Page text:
Sealing the Special Relationship
Desperate to try and understand how the UK/US relationship has changed with our new PM, todays papers pour over yesterdays meeting at Camp David, amid much hilarity about the leaders spin in Golf Cart One. The Telegraph employs a body language expert to reveal that Mr Bush looked browbeaten as though he had just been given a hard time during his private meeting with the new British premier.
I doubt that Gordon Brown had been beating the Bush brow but perhaps he should have been. Mr Brown quoted Churchill on the joint inheritance of liberty but, as the Reverend Roy Jenkins, Baptist Minister from Cardiff, commented on this mornings Today programme, it is hard to square that with the existence of Guantanamo Bay.
Of course, it is precisely because of the much talked-about Special Relationship that Guantanamo Bay has been so little criticised by the UK Government and to address that properly now would be a much more significant change than body language or dress.
But back home the deprivation of liberty in the name of fighting terrorism continues. The Guardian reports yesterdays Appeal Court ruling on the proposed deportation of three suspected Algerian terrorists in which one was told it was unsafe to go back to his country, but not the reasons why. The SIAC courts, where the mens case has previously been dealt with, admit secret intelligence that the accused cant see or challenge.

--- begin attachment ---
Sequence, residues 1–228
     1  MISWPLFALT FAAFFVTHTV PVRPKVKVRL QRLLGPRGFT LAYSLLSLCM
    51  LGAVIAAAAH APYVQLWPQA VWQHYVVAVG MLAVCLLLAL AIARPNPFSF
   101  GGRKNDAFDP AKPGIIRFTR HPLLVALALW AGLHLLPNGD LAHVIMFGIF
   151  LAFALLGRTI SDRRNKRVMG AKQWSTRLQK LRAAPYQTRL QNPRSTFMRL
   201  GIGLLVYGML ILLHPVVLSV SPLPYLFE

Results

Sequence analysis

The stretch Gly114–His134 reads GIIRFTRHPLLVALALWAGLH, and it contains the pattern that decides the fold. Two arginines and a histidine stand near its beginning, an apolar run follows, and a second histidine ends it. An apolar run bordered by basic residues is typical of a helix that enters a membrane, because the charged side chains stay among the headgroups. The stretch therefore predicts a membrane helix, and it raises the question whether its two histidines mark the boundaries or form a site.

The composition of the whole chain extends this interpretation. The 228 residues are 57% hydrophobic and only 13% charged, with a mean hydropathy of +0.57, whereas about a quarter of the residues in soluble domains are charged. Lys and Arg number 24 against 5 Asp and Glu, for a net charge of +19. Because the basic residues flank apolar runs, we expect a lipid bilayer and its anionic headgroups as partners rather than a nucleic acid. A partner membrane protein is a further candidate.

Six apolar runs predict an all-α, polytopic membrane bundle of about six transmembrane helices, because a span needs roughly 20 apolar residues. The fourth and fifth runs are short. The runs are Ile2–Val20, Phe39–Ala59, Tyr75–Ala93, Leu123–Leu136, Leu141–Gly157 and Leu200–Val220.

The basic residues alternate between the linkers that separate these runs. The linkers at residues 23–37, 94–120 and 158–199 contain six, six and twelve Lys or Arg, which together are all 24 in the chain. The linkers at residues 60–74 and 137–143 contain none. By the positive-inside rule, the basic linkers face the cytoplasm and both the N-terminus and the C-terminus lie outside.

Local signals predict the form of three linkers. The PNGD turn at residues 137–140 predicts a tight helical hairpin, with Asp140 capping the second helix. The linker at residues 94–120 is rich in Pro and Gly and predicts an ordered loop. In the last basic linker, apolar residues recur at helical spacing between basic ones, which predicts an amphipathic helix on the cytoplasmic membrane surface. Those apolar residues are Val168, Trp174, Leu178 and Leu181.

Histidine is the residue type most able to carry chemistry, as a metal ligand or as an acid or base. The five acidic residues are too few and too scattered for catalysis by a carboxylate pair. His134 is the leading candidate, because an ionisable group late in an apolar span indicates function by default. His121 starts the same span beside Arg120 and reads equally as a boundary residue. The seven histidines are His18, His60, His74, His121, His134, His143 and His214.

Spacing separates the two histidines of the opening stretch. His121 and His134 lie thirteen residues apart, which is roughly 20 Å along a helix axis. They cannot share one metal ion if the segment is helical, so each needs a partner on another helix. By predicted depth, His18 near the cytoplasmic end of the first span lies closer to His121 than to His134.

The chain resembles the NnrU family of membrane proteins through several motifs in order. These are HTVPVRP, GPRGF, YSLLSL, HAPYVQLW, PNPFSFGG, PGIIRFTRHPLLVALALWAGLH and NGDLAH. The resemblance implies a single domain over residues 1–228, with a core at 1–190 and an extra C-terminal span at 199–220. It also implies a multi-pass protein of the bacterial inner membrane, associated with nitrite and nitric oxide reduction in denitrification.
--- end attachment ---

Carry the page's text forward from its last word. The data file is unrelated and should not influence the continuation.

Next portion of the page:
I can tell you that the Home Office remains determined to deport the men but I cant tell you why it believes they wouldnt risk being tortured when they get there, when all the evidence submitted by us implies that they would. I cant tell you because I dont know, nor do the accused and nor do their lawyers.
Our blogs are written by Amnesty International staff, volunteers and other interested individuals, to encourage debate around human rights issues. They do not necessarily represent the views of Amnesty International.